Moreover, you don't need permission to issue a writ of possession if there is a breach of the possession order, including a violation of a suspended possession order by failing to pay money in Dorset as required.
Once the landlord in Weymouth, Dorchester, or Ferndown contains a permission for enforcement of possession order from high court, he is bound to deliver notices of application to each party who is residing or using the premises.
High Court is not allowed to permit until every tenant in Dorset is given the notice that is deemed sufficient enough.
The order may be served in any format considering that there aren't specific requirements in Dorset.
The notice must include the fact of case; this is the vital part of the notice.
In the case of a sole occupant in Dorset that has had case in the High Court had acknowledged the notice, reminding them of the court order's terms and a request for possession is counted as enough notice.
In case the renter fails to give sufficient notice or fails to provide the entire information to court concerning petitions against possession proceedings or pending claims, the order of possession may be put aside although having been implemented in Dorset.
The several incidents of HCEOs in Dorset trying to divert from the specified process by giving a direct application and taking charge of matter with the wrong usage of section 41 or N293A which is in opposition to tenants rather than trespassers.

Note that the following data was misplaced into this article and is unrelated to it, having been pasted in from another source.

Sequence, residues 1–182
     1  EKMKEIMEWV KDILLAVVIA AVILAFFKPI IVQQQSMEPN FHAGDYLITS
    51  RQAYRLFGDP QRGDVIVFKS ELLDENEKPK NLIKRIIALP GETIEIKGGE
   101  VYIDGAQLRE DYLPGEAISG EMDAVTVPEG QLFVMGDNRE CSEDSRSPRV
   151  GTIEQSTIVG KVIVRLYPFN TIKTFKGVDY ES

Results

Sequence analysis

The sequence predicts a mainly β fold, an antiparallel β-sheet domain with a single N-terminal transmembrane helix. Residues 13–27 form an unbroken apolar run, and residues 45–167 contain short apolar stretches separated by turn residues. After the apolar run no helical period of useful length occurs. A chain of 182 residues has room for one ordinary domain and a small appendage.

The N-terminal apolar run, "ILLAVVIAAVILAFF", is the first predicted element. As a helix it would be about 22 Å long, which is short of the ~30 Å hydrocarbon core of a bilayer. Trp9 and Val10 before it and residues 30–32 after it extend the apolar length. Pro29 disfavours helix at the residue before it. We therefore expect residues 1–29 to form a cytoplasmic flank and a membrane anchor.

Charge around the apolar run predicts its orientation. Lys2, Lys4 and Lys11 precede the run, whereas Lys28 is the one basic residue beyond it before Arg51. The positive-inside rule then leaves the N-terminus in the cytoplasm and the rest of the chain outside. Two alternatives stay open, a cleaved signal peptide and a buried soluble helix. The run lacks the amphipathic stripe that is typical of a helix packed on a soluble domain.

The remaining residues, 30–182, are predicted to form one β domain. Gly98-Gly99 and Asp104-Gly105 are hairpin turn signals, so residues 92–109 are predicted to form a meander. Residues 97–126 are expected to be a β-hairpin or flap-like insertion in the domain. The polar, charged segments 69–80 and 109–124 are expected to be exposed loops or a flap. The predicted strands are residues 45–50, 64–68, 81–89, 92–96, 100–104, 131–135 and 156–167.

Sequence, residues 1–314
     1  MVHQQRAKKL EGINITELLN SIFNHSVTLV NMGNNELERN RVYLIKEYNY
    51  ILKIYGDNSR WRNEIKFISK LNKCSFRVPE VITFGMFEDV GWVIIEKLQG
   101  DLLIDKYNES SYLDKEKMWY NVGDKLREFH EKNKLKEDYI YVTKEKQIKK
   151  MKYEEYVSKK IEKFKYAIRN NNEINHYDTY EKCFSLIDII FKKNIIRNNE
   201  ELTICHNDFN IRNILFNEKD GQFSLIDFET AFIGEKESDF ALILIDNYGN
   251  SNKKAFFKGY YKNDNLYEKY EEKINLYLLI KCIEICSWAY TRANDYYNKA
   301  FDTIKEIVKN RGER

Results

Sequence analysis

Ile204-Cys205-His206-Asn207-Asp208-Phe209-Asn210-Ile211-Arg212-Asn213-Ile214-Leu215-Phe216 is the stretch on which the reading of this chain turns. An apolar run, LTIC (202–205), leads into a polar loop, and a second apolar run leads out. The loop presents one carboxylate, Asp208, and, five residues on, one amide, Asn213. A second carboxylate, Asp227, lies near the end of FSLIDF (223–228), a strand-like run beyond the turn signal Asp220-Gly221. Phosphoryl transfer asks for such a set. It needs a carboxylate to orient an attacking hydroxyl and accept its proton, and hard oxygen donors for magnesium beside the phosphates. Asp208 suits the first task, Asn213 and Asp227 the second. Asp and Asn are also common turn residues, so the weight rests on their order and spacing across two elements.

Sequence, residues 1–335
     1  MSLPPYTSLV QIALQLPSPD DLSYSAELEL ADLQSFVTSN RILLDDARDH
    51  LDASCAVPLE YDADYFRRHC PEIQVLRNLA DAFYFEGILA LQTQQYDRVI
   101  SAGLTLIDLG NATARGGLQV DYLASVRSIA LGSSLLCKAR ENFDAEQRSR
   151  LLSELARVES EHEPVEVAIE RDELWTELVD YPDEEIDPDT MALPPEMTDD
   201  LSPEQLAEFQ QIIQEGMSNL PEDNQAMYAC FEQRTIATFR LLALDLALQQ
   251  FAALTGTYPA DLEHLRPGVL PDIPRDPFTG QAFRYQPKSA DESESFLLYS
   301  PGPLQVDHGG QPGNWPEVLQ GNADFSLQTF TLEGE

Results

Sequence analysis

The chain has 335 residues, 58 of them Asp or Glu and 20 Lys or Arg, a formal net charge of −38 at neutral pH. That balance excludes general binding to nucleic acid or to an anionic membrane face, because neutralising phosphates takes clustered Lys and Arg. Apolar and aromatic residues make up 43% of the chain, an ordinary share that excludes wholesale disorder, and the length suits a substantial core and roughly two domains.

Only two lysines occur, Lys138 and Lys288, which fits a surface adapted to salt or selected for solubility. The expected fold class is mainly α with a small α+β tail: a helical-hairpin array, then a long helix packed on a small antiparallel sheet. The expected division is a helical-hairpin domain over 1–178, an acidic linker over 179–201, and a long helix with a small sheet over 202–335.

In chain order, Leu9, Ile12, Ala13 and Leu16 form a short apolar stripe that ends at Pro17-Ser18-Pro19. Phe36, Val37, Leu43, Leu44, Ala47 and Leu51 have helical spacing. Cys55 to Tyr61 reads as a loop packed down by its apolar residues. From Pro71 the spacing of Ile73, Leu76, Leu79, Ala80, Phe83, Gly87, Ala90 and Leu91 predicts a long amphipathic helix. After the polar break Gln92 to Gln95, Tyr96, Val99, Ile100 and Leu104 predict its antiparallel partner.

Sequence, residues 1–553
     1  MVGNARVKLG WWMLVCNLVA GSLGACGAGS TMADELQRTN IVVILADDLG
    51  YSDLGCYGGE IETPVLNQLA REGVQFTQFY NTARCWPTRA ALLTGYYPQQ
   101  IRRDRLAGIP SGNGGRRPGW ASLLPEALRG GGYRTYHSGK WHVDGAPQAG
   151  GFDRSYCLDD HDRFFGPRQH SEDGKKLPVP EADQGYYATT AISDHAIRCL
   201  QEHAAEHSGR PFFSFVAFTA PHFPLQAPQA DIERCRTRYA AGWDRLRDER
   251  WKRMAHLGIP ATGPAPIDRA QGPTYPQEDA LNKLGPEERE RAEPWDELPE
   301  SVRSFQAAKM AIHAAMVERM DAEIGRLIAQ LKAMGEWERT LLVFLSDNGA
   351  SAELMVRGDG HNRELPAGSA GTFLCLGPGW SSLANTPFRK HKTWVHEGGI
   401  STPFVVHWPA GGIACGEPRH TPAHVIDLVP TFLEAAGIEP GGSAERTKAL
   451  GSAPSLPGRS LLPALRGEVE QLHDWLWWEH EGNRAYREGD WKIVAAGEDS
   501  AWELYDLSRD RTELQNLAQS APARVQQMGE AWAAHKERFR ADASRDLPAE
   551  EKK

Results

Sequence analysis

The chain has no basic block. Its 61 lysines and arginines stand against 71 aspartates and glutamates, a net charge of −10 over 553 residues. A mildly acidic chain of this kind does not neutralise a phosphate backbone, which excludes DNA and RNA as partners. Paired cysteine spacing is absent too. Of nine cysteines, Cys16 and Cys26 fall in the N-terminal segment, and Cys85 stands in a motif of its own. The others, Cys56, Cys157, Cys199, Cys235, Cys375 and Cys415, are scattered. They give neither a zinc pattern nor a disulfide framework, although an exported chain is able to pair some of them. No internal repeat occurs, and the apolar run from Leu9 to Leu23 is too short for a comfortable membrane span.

On 21 March 2016, the court issued a practice note through the Senior Master of the High Court (Queens Bench Division) to stop these malpractices and illegal use of their powers.
Generally, possession order enforcement in Dorset is quicker via HCEO as opposed to county court bailiffs.
The execution can be done just a couple of days after the landlord's application for permission to the High Court expires or the possession writ is issued in Dorchester, Weymouth, or Ferndown.
The common practice is to drop off the writ and return within a day or two, however, it is not a specific requirement by the HCEO to inform the tenants in Dorset in the advance of their visit for the execution of the possession order.
Where a HCEO is planning to seize good and money as well as repossess the property in Dorset, they must prove the tenant /creditor with a 7 days' notice.
The high court in Dorset has the authority to either set aside or to stay the writ of possession or writ of control.
The N244 form should be used to make applications to the High Court.
If the tenant in Dorset is able to obtain the stay or set aside, he should notify the HCEO about the updated status as they may not be timely notified.
To set aside the possession order that was original, all the applications must be made to the county court in Dorset.
HCEOs in Dorset are actually not the court's employees rather they're from court authorized commercial companies.
In England and Wales, names of the enforcement officers authorised to execute High Court writs are contained in the Directory of High Court Enforcement Officers.
The HCEOs cannot carry out the evictions if they aren't subscribed to a code of practice.
A writ of possession must not be implemented on the Public holidays like Sunday, Good Friday or Christmas in Dorset - only if ordered by the court.
Starting from April 6, 2014, the activities of the HCEOs and other bailiffs in Dorset are governed by some regulations.
The regulations stipulate that:
The HCEO mustn't enter a residential property in Dorset before 6 am, or after 9 pm, without authorization from the court
Enter if the only person present in the house in Dorset is a child under the age of 16
Take the fridge, cooker, washing machine, or some other essential household items